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When examining published literature on harp compositional techniques, we immediately run into the issue of scored versus oral music.
The ability to notate music has led some contemporary composers to claim invention of “avant-garde” techniques which have been musical practice for up to millenia. Given the purpose of this dissertation to provide contemporary composers with as wide a range of harp compositional techniques as possible, I will partially lay aside this controversy. Instead, the focus will be on what published material is readily available to composers and performers today.
To understand the current state of harp composition, I feel it easiest to work backward chronologically, starting in our present era.
Distinguished harp music was played prior to the 20th century, as we know from the status and geographical spread of harps worldwide. However, this repertoire was rarely written down, or was written in sketch form only. The repertoire readily available today reflects this gap; our harp catalog seems young and small when stacked against, for example, piano literature.
A primary purpose of this dissertation is to document techniques, past and present, ignored or minimized in the current general repertoire, and make them accessible to all musicians.
In academia, we tend to distinguish between folk and art music: this categorization is slippery regarding world harp techniques.
For example, many think of Celtic harp music as “folk” based. In reality, the Celtic harp was an aristocratic instrument. Its bardic musical training resembled an organized “art” approach rather than informal transmission. 49
The same holds true for the African kora, where the titled "griot" is held in high regard upon completing a comprehensive apprenticeship.
Therefore, for the most part, I avoid "art" vs. "folk" categorizations in this dissertation, as these terms do accurately relfect the musical cultures we will be exploring.
2.1a Current Pedal Harp Literature
The French School of harp playing - possibly the most influential pedal harp technique approach today - was founded by Alphonse Hasselmans (1845-1912, Belgium).
His influence is hard to overstate, impacting both technique and composition. His impressive student roster includes luminaries such as Henriette Renie, Marcel Tournier, Marcel Grandjany and Carlos Salzedo, among many others. Hasselmans was responsible for making the Paris Conservatory:
…the international center for harp study. He taught most of the great harpists of the 20th century, and to this day almost every [author note: mostly pedal, although this lever-playing writer too!] harpist can trace his or her lineage of teachers back to this master.” 50
━ Kimberly Ann Houser
Other significant schools are the Russian School, where the most distinguishing features are a robust, muscular tone and a thumb that moves in a circular motion rather than straight in and out from the palm, and the Viennese School.
Being fairly recently invented (as discussed in Chapter 1), many important harp teachers also composed in order to widen the repertoire and provide for their students. Hassleman’s teacher was Gottlieb Kruger, a student of English harpist-composer Elias Parish Alvars (1808-1849). Parish Alvars’ seminal influence was strong: he was one of the early proponents of the double action pedal harp, and exploited its capabilities clearly in his work Grand Fantasia on Rossini's Moise, op. 58, where a “three-handed” (Ibid.) effect can be seen in this excerpt:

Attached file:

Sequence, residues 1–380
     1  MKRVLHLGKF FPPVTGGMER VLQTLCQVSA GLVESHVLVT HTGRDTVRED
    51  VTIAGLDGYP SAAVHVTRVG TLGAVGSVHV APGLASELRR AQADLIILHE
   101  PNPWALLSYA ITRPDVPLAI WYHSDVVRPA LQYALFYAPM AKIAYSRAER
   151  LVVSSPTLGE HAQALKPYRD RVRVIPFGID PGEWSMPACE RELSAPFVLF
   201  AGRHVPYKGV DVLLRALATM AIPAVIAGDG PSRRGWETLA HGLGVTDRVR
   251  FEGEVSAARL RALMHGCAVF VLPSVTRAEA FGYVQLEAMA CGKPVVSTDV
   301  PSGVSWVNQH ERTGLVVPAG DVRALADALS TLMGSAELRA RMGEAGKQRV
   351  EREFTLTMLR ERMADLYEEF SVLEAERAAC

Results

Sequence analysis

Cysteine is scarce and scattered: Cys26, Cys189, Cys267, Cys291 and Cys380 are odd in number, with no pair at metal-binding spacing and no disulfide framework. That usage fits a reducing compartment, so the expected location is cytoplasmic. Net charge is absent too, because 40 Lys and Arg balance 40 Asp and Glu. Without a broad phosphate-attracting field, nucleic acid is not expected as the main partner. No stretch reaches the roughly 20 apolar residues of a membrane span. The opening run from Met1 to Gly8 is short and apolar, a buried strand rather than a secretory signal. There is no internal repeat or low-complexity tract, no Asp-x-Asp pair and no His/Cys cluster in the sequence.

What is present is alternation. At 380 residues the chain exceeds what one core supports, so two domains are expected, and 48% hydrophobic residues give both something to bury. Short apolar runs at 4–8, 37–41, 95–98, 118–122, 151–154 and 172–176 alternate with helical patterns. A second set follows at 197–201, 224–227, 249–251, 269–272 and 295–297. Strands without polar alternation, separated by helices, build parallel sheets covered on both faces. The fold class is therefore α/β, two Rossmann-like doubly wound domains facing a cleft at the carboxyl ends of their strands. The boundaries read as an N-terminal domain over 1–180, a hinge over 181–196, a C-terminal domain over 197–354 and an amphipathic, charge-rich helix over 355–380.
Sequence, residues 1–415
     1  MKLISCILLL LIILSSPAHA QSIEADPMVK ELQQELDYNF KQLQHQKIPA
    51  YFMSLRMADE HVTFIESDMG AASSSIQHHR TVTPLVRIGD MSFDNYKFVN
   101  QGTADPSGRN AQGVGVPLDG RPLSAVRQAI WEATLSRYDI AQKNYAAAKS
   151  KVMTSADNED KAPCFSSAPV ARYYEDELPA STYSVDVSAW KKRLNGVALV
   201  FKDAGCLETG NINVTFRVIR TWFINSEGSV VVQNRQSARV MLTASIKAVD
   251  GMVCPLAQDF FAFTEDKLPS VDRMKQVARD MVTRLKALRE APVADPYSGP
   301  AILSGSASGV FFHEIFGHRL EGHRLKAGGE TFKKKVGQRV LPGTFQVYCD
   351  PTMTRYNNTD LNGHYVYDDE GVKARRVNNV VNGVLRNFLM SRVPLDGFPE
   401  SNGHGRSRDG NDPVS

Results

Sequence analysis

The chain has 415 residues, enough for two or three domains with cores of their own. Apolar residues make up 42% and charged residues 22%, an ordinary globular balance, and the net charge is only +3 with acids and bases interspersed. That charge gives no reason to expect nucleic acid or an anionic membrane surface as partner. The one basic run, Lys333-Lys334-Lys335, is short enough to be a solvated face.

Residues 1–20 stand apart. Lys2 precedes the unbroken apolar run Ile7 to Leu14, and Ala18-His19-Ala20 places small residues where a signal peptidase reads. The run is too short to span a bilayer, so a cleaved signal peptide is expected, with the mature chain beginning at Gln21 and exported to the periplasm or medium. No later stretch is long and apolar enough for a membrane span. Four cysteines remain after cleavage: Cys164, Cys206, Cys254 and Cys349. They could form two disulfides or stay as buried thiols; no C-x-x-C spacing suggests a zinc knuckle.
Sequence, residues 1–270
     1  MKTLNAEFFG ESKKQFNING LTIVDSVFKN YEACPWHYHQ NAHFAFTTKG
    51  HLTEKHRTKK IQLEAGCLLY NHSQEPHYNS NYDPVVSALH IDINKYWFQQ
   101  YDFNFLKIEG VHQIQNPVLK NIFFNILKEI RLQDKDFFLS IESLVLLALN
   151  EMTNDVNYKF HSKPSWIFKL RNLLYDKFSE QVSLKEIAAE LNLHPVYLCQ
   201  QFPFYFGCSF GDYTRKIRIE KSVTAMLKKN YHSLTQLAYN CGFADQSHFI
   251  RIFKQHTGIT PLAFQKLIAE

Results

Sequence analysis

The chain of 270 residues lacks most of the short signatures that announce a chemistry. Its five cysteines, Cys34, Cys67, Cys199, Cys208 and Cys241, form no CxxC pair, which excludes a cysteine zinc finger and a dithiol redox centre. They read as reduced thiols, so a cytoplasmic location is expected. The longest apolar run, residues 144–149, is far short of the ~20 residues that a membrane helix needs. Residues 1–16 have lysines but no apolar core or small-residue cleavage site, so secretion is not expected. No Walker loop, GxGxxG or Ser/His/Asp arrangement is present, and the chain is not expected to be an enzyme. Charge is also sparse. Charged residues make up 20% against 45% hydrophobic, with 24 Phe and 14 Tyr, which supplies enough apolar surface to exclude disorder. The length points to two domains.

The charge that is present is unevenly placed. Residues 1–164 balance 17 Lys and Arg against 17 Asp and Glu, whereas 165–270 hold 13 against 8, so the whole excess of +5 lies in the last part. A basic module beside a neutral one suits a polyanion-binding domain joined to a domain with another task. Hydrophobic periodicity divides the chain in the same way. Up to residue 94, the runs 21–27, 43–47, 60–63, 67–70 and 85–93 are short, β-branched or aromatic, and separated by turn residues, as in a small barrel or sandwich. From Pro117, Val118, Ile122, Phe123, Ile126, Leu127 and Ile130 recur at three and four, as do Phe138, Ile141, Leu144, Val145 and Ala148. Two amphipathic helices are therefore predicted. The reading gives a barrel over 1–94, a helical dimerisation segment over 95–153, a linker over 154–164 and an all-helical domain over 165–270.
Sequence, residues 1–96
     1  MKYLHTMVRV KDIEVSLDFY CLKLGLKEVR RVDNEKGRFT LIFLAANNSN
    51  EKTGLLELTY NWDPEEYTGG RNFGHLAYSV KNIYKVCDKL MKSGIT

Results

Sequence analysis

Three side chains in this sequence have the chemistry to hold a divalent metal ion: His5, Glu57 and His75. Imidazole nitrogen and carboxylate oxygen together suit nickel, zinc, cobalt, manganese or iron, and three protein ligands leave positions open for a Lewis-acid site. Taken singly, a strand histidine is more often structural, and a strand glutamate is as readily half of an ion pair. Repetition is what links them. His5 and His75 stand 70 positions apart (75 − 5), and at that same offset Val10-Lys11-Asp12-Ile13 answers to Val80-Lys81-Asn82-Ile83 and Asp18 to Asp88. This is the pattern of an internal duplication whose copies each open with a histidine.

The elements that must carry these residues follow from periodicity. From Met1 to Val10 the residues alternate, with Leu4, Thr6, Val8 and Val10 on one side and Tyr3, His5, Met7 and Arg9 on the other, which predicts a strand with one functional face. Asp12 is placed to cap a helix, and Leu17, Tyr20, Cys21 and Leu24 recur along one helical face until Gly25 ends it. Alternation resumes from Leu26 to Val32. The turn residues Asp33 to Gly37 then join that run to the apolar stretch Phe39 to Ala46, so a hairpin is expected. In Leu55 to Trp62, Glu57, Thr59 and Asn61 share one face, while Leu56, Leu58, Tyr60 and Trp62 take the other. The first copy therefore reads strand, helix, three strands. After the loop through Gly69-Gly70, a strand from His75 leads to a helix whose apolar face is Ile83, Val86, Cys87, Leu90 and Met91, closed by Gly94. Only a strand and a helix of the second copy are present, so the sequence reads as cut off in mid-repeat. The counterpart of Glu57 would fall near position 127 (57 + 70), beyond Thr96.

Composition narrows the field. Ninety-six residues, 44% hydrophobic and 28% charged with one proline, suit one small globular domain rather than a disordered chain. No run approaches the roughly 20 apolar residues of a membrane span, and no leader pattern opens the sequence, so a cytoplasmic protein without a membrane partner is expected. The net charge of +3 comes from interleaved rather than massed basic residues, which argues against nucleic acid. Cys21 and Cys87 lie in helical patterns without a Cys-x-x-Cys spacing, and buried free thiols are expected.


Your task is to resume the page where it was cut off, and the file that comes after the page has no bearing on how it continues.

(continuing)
Parish Alvars utilized a slide effect called “fluid sound”, sliding a metal stick (such as the arm of a tuning wrench) up and down the strings, an effect that can also be partially achieved via pedal slides. 51 In addition, Parish Alvars made extensive use of enharmonic spelling (if the harp is in equal temperament, G# and Ab strings will sound the same - later, Marcel Tournier called these “synonyms” 52), achieving effects described more fully below in the section on Renie’s work.
Hallmarks of Hasselmans’ compositional style include enharmonic spellings and their subsequent effects, overlapped hands playing in the same range from either side of the harp, and emphasizing the melody with the thumb over an arpeggiated lower texture. We see all of these features of his students’ composing styles.
In 1901 Henriette Renie (1875-1956), a student of Hasselmans, gave a series of concerts that established her as both a virtuoso and a composer. Renie helped popularize the harp as a solo instrument, inspiring other composers to write for the harp as well. Her teaching brought new insights to harp technique, and in her iconic Complete Method for the Harp, Renié states:
The entire basis of my method lies in one fundamental principle: suppleness. If one treats nature as an enemy, it rebels, and this is reflected in an invincible stiffness which interferes with everything.
Renie promoted three types of articulation:
• full: from the knuckle
• half: from the middle finger joint
• petite: from the last finger joint
She also felt that the thumb position should be adjustable according to the reach of the hand. Additionally, she taught the fingers should apply pressure to the strings before articulating. 53
Expression can only be rendered by a certain pressure upon the cord that is more or less intense...imperceptibly, the wrist accompanies the articulation of each finger, following the melodic line. 54
━ Henriette Renié
Lastly, Renie supported the idea of the right wrist resting lightly on the soundboard (Ibid.)
Regarding compositional style, Renie’s Legende, shows the extreme use of range now possible on large concert grand pedal harps:
Other characteristic features of Renie’s compositions are use of sweeping arpeggios accompanying a melody, enharmonic respellings to create even or uneven parallel intervals depending on the situation, overlapped hands, strict attention to muffling (rests), and combined effects such as pres de la table plus nail playing. 55